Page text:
The League of Women Voters is proud to be a nonpartisan organization, neither supporting nor opposing candidates or political parties at any level of government, but always working on vital issues of concern to members and the public. We encourage informed and active participation in government. We influence public policy through education and advocacy.
The Monroe Township league was begun nearly 30 years ago. Our challenges then and now are to strengthen democracy by making sure every citizen is registered to vote, has access to vote, and is not denied the opportunity to vote.
Saluting Women's History Month --
WE'VE COME A LONG WAY BABY!
WE SALUTE THE PIONEERS WHO HAVE PAVED THE WAY
How the Daughters and Granddaughters of Former Slaves
Secured Voting Rights for All
By Martha S. Jones, Historian -- smithsonian.com -- March 8, 2019
Nine African-American women gather for the Banner State Woman's National Baptist Convention in 1915
(Library of Congress Prints and Photographs Division Washington, D.C. 20540 USA)
In the fall of 1916, four years before the 19th Amendment would make it unconstitutional to deny voting rights on the basis of sex, African-American women in Chicago were readying to cast their first ballots ever for President. The scenes in that year of black women, many of them the daughters and granddaughters of former slaves, exercising the franchise, was as ordinary as it was unexpected.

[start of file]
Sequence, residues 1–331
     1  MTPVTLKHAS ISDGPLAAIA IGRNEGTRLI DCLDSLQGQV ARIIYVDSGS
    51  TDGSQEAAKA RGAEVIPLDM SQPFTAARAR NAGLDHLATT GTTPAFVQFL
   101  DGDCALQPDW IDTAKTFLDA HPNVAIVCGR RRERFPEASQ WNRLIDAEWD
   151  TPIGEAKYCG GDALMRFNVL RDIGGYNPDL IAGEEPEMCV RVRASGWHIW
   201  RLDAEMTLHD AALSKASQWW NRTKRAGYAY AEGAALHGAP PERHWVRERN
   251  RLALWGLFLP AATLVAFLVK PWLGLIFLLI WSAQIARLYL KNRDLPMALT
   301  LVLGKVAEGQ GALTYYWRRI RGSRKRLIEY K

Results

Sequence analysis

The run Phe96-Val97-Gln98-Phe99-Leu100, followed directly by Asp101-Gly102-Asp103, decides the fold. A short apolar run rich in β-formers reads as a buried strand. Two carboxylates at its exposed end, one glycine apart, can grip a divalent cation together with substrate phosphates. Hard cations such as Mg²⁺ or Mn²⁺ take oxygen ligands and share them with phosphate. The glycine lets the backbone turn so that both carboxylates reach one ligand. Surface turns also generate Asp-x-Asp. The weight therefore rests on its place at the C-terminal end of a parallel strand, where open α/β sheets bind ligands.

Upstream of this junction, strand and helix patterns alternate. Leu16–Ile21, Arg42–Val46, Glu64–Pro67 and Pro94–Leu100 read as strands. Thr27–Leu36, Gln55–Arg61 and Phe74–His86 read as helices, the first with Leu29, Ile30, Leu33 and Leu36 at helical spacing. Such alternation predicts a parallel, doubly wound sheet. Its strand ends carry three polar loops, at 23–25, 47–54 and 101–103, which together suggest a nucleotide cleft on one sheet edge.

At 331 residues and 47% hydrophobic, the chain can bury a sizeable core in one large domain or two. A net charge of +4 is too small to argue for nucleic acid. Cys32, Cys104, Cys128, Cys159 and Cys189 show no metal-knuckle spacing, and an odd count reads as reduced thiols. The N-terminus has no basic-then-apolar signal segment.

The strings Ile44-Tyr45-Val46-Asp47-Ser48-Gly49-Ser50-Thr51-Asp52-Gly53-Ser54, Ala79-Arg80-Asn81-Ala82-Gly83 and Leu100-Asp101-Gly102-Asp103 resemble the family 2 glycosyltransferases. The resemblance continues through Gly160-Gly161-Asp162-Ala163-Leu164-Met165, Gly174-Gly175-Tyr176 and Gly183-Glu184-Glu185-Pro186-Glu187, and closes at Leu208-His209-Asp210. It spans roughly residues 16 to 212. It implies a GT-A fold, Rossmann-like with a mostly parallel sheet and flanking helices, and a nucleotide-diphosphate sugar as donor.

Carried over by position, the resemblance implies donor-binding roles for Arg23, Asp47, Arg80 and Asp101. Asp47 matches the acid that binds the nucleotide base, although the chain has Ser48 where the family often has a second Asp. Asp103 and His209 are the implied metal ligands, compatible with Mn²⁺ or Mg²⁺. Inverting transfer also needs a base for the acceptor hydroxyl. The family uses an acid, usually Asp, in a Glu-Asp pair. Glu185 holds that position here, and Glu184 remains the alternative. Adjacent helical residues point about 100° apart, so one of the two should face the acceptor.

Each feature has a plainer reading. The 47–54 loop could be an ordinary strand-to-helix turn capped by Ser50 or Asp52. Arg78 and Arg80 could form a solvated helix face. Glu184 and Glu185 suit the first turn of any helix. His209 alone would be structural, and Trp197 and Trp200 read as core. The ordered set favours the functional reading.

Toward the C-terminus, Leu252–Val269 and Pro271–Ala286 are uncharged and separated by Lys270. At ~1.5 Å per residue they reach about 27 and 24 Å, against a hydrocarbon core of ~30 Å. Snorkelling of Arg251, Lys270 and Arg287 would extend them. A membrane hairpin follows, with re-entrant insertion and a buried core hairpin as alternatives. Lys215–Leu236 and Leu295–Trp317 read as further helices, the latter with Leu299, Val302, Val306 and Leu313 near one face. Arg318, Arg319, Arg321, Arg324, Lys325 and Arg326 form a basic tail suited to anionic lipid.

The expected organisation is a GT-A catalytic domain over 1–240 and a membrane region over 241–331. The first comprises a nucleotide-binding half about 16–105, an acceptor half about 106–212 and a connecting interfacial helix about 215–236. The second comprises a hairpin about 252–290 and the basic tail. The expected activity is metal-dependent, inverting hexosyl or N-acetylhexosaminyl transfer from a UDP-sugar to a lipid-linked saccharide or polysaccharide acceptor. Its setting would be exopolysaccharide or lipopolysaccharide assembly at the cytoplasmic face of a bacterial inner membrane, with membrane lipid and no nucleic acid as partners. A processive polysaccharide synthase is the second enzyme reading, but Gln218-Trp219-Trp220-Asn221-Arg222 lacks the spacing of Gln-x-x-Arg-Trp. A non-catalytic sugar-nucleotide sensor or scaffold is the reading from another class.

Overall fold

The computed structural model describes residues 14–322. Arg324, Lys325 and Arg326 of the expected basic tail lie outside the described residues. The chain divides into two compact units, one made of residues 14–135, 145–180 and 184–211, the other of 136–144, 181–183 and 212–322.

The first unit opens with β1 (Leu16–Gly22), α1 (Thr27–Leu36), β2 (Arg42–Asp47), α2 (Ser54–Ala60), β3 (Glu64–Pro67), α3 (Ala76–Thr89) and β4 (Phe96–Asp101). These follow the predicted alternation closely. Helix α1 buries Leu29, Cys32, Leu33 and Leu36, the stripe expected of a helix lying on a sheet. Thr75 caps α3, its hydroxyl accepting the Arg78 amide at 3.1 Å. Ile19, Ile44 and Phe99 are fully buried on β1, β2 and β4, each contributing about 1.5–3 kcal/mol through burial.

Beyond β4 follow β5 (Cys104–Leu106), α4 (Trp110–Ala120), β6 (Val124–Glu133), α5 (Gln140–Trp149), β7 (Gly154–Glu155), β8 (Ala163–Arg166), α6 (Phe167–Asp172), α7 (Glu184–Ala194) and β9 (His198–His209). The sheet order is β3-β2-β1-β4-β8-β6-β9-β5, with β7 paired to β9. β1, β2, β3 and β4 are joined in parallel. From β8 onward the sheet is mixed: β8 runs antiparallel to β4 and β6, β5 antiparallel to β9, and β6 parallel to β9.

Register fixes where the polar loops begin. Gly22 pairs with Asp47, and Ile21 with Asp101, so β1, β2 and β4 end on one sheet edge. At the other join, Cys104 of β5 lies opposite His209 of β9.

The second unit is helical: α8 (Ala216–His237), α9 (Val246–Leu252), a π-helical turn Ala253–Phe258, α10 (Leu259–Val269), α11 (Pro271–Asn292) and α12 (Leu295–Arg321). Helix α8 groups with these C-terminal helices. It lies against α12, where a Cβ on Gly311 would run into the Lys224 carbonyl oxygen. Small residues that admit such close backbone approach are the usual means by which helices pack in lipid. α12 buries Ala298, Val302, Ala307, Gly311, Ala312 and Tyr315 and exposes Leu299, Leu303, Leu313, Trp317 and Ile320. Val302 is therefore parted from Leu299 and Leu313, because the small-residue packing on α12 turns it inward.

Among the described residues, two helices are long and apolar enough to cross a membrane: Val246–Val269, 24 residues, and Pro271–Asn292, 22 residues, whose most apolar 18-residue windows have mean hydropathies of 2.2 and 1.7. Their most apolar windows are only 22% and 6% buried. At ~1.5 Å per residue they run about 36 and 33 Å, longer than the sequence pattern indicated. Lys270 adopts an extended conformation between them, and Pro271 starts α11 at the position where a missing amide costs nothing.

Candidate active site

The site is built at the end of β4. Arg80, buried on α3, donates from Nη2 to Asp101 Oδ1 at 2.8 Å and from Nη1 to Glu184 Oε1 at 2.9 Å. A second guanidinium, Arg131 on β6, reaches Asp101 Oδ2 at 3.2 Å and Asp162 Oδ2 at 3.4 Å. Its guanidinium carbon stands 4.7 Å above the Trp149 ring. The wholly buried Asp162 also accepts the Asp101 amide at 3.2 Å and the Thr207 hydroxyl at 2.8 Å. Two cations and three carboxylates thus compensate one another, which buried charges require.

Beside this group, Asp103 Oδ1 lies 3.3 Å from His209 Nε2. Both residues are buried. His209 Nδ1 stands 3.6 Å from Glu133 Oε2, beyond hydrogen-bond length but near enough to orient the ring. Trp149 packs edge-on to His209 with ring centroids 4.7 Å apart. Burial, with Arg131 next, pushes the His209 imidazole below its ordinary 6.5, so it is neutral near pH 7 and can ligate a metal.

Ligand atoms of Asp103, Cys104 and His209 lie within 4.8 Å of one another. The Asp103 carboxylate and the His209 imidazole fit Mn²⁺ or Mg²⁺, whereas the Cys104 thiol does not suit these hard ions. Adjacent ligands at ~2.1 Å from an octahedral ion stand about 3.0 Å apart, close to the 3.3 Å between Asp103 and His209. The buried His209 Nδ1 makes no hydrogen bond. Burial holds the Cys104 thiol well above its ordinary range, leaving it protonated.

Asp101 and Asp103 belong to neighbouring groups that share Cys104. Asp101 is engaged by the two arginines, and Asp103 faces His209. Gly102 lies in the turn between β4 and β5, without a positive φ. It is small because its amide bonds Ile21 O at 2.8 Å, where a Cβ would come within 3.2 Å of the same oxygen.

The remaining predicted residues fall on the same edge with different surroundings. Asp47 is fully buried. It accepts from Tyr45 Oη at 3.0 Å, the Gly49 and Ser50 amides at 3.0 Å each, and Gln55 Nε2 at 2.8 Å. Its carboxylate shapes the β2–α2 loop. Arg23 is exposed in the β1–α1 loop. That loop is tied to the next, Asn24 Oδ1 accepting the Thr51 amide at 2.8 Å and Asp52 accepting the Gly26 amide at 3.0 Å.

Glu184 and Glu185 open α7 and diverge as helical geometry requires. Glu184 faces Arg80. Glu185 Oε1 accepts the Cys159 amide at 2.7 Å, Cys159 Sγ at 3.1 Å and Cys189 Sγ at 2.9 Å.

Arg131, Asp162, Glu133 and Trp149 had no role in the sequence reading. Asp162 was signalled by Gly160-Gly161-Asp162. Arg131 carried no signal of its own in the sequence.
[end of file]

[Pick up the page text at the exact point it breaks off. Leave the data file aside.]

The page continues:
Theirs was a unique brand of politics crafted at the crossroads of racism and sexism. African-American women had always made their own way. In Chicago, they secured a place at the polls by way of newly enacted state laws that, over 25 years, extended the vote to the women of Illinois, gradually, unevenly and without regard to color. The real story, however, is an older one that stretches across generations of black women’s ambition and activism. It only sometimes intersects with better-known tales of how white women campaigned for their political rights. And yes, sometimes black and white women clashed. Still, the history of black women and the vote is one about figures who, though subjected to nearly crushing political disabilities, emerged as unparalleled advocates of universal suffrage in its truest sense.
Their story begins in an unexpected place—the church. For black women, church communities were central sites for developing their sense of rights and how then to organize for them. No one understood this better than Julia Foote, born in 1823 and who, at the age of 18, felt herself called to preach in the African Methodist Episcopal (A.M.E.) Church. By the 1840s, Foote was a leader in a churchwomen’s movement which demanded that they, like men, should be entitled to occupy pulpits and interpret the scriptures.
Victory came in 1848, when A.M.E. churchwomen won the right to preaching licenses. Black churches would never be the same. That year marked the start of a decades-long campaign in which women lobbied for religious power: voting rights, office holding and control of the funds they raised. Were they on a path toward women’s suffrage?
Monroe Township LWV General Meetings
WHEN - 4th MONDAY of the MONTH
ALL ARE WELCOME TO OUR GENERAL MEETINGS